Xanthine Urolithiasis in Dogs
Xanthine is a naturally occurring by-product of purine metabolism. It is normally converted to uric acid (the waste product of proteins found in the blood) by the enzyme xanthine oxidase and passed out of the body via urine, but because xanthine is the least soluble of the purines excreted into the urine, excessive amounts of xanthines may be associated with formation of xanthine uroliths (stones). Impairment of xanthine oxidase ultimately results in xanthines in the blood (hyperxanthinemia) and xanthines spilling over into the urine (xanthinuria). It may be naturally occurring, as with enzyme deficiency, or drug-induced (allopurinol). Xanthinuria can be a congenital or an acquired disease.
In naturally occurring xanthinuria, a familial or congenital defect in xanthine oxidase activity is likely. In Cavalier King Charles spaniels, an autosomal (non-sex-linked) recessive mode of inheritance has been supposed to occur.
Acquired xanthinuria is a common complication in dogs that are being treated with the drug allopurinol for urate urinary tract stones or leishmaniasis (a parasitic infestation). Consumption of high purine diets (high protein) also increases the risk of xanthinuria in patients that are being treated with allopurinol.
Symptoms and Types
- May be asymptomatic
- Mustard colored urine
- Bladder stones:
- Frequent urination (polyuria)
- Difficulty urinating
- Bloody urine (hematuria)
- Stones in the urethra:
- Frequent urination
- Difficulty urinating
- Bloody urine
- Urethra may be blocked
- Kidney stones (nephroliths):
- Hydronephrosis – kidney is swollen with urine due to a blocked ureter (the tube leading to the bladder from the kidney)
- Kidney disease
- Xanthines in the urine can lead to formation of stones
- Genetic predisposition in Cavalier King Charles spaniels
- Excessive allopurinol medication in combination with high purine diet
- Relation to urine chemistry:
- Acid urine pH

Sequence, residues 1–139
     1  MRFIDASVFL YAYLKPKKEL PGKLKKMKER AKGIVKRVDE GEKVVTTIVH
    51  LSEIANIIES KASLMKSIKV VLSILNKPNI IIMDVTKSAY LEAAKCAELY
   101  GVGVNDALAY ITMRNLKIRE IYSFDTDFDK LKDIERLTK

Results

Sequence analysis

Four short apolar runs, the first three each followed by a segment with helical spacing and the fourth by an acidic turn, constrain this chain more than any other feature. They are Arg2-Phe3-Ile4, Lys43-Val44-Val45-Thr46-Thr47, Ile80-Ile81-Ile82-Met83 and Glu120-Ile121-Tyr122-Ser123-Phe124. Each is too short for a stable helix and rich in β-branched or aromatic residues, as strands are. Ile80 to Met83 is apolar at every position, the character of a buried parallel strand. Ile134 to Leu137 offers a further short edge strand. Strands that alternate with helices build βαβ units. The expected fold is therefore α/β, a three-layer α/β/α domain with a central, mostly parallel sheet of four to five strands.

- Highly concentrated urine
- Incomplete and infrequent urination
Your veterinarian will perform a thorough physical exam on your dog, taking into account the background history of symptoms and possible prior conditions that might have led to this condition. A complete blood profile will be conducted, including a chemical blood profile, a complete blood count, a urinalysis and an electrolyte panel. The urinalysis will show xanthine crystals in the urine sediment.
These crystals cannot be distinguished by light microscopy alone. For a precise diagnosis, the urine should be sent for infrared spectroscopy, which can be used to differentiate xanthine uroliths (urinary tract stones) from other types of uroliths. Also, high-pressure liquid chromatography of urine can be done to detect xanthine, hypoxanthine, and other purine metabolites.
Ultrasonography, double-contrast cystography, and intravenous urography are some additonal diagnostic tools that can aid in detecting uroliths and the location they are originating from. Uroliths generally do not show up on normal X-rays.
Xanthine uroliths in the urethra and bladder stones near the urethra may be detected by urethrocystoscopy, which uses a small flexible tube that is equipped with a camera and can be inserted into small spaces, in this case, the urethral passage. Small uroliths may be retrieved for analysis by removing fluid using a transurethral catheter, or using a method called voiding urohydropulsion. This latter method involves filling the bladder completely while the patient is anesthetized, and then emptying the bladder, after attempting to shake stones into the urethra, so that the stones can be collected.
Voiding urohydropulsion is effective for removing the smaller xanthine uroliths that will easily pass through the urethra, but surgery is still the best way to remove larger uroliths from the lower urinary tract. Perineal urethrostomy surgery may minimize recurrent urethral obstruction in male dogs.
Urine pH may be increased to prevent xanthine uroliths, and a low-purine diet may be fed along with plenty of water to increase urine output. Depending on your dog’s overall health and the severity of the condition, your veterinarian may also recommend a diet that is designed for dogs suffering from renal failure. The goal is to reduce the amount of ingested purine, along with reducing the formation of acid urine, in addition to increasing the amount of urine that is voided from the bladder so that the passages remain clear of stone forming chemicals.
Living and Management
Your veterinarian will schedule monthly follow-up appointments for your dog in order to conduct urinalysis, contrast X-rays, or ultrasonography exams. Your dog’s treatment may be adjusted to how well its health is progressing since the initial treatment.
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